Summer has arrived with a vengeance in the Bitterroot Valley and people are flocking to the river to keep cool. But the river is a dangerous place during high water and the bridges over the river, which serve as main access points, also pose dangers of their own for pedestrians, bicyclers and drivers. A young boy was seriously injured a few weeks ago while riding his bicycle over the bridge at Woodside which lacks a pedestrian or bicycle lane. A six-year-old girl recently drowned in a boating accident at a dam that poses a serious hazard to floaters.
The drowning and several other close calls requiring rescue occurred at a Bitterroot River diversion dam, located approximately three miles downstream of the Woodside Crossing Fishing Access Site (FAS). Faced with this tragedy and other drownings on other rivers in the state in recent weeks, Montana Department of Fish, Wildlife & Parks is urging floaters to use caution and watch for river hazards,
Pat Saffel, FWP Region 2 Fisheries Manager, says that rivers are dynamic and water levels can change frequently. Changes in water flows mean that risks posed by these obstacles—like diversion dams, log jams and rocks—also change. “Be on the lookout for these obstacles, take it slowly, and when in doubt, stop and scout the water conditions. If you need to, walk yourself and your boat around obstacles,” Saffel says.
In the case of the Bitterroot diversion dam between Woodside Bridge and Tucker Crossing FAS, FWP tells those that float this stretch of river to walk boats (portage) around the dam. FWP urges boaters to familiarize themselves with the dam’s location before their trip and to watch for warning signs at upstream access sites and along the river that warn of the dam and point to the portage location.
Saffel said that FWP has been aware of the “back boil” problem at the dam for some time and had put up warning signs on the river near the dam in 2011. He said that there was no indication that the signage was insufficient. He said the recent rash of accidents at the site was unique. As a result, more and larger signage was being installed and the portage route was being made easier to identify.
“The responsibility is with the floater,” he said, “but we are doing what we can to keep people safe.”
Saffel says that FWP is interested in looking at long-term solutions for boater passage at the site, but for now boaters need to carry their boats around.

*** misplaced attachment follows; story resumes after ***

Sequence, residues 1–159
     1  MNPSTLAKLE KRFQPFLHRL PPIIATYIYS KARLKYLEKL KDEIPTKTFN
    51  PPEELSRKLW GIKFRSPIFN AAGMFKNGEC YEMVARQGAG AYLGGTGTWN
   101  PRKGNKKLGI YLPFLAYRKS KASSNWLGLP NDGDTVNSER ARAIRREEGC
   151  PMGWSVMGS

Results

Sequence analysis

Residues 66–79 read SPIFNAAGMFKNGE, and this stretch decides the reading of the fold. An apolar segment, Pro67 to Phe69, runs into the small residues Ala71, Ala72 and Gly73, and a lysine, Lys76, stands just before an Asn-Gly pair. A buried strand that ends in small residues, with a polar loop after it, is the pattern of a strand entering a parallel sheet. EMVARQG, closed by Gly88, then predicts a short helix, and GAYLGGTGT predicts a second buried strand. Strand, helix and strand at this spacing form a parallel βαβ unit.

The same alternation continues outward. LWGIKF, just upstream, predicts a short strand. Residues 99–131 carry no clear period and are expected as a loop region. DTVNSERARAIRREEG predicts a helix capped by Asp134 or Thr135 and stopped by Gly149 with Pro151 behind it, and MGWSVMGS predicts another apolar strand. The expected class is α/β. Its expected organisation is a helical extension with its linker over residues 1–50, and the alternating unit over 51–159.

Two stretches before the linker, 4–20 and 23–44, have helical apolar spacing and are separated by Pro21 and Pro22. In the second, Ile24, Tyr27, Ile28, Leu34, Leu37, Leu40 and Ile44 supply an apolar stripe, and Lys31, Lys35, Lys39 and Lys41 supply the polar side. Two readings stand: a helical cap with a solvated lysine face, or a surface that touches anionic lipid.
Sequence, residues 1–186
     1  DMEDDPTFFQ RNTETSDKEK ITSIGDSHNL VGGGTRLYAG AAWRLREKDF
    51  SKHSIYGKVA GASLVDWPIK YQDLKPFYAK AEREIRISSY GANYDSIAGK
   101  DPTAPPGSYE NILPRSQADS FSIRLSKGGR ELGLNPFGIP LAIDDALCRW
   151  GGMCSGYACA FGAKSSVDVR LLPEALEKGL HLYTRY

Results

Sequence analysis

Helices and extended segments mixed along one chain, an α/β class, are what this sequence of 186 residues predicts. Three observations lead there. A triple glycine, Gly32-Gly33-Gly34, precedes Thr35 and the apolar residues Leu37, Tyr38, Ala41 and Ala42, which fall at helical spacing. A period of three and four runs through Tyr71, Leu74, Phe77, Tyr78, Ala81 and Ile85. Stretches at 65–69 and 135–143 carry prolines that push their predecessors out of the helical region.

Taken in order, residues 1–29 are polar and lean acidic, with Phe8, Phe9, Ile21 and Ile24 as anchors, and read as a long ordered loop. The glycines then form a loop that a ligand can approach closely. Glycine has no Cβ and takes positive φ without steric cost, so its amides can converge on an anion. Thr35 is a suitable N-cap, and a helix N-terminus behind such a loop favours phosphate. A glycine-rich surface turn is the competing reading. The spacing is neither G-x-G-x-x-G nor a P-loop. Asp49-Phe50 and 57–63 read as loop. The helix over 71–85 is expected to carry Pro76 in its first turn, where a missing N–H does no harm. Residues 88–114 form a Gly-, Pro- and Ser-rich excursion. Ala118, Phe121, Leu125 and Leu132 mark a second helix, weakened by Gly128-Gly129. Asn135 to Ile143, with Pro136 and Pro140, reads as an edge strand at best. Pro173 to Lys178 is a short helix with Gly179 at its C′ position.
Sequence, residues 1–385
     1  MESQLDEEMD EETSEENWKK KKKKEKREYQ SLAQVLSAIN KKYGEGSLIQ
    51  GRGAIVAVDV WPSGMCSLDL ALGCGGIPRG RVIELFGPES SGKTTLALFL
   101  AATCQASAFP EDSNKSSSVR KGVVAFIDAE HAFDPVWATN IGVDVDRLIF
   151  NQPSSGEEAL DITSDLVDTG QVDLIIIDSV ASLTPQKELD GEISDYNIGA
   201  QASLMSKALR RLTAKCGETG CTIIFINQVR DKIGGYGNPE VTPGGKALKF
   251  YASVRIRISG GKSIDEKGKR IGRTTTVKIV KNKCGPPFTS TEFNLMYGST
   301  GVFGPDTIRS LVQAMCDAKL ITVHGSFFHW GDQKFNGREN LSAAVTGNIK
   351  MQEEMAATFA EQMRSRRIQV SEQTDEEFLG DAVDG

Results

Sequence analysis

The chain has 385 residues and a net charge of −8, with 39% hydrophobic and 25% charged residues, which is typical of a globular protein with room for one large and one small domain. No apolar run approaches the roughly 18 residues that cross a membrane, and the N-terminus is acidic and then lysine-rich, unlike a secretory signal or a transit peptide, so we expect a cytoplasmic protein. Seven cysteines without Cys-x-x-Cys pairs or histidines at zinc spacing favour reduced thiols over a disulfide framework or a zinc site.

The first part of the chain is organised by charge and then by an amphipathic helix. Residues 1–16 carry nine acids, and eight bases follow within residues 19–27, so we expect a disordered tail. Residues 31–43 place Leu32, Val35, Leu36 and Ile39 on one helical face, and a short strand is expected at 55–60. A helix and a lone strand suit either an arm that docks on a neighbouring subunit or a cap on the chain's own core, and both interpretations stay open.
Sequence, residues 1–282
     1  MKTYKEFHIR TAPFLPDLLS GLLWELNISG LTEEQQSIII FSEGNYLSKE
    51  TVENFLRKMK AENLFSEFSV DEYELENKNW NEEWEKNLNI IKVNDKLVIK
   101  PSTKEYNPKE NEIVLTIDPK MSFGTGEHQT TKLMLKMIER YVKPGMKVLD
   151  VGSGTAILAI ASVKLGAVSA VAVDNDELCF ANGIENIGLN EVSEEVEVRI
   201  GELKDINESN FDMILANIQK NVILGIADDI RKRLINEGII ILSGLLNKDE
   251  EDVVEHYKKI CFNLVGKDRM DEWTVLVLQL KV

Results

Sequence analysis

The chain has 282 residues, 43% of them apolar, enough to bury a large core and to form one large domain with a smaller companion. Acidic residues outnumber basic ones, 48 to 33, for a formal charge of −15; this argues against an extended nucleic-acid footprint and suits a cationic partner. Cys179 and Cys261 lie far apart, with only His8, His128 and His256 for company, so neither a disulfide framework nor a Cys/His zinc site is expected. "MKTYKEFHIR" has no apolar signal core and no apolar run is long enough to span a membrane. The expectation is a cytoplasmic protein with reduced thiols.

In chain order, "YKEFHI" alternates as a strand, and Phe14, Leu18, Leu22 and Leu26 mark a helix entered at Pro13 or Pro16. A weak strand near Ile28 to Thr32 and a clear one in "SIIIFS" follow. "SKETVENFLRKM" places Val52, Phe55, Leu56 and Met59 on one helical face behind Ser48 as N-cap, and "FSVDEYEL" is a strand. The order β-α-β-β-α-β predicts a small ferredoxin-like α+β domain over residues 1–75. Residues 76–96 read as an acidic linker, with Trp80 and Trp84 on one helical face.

“If you’re not comfortable carrying your boat around this particular diversion dam, we urge you avoid this stretch of river,” says Saffel. “There is a good spot to portage around the dam, and we want all river users to be aware and to use it.”
Small low-head dams, like this one and others on the Bitterroot and elsewhere, are built to back up water, often for irrigation purposes. Because of their small size, they often do not appear to be dangerous, especially when viewed from a boat or canoe upstream, but water pouring over the dam creates a churning backwash or current. This “hydraulic,” as it is often called, is really a recirculating current.
The rolling water can take any object (including a person) to the bottom of the stream, release it to the surface, suck it back to the face of the dam, and push it back to the bottom. This cycle can continue indefinitely. [Watch simulation of diversion dam hydraulics]. Branches and other debris trapped in the hydraulic pose an additional hazard to the victim. It is hard to stay afloat, even if wearing a life jacket (PFD).
Saffel said that the agency was working with the irrigation company to come up with a permanent resolution that will eliminate the “back boil” at the dam and possibly allow a pass through section for floaters.
“As you go to the water to cool off on this weekend and over the next few weeks, we want you to have fun out there but to have water dangers and safety precautions on the front of your mind,” Saffel says.
For more on staying safe in the outdoors, go to the FWP website at fwp.mt.gov on the Recreation page, click on Stay Safe Outdoors.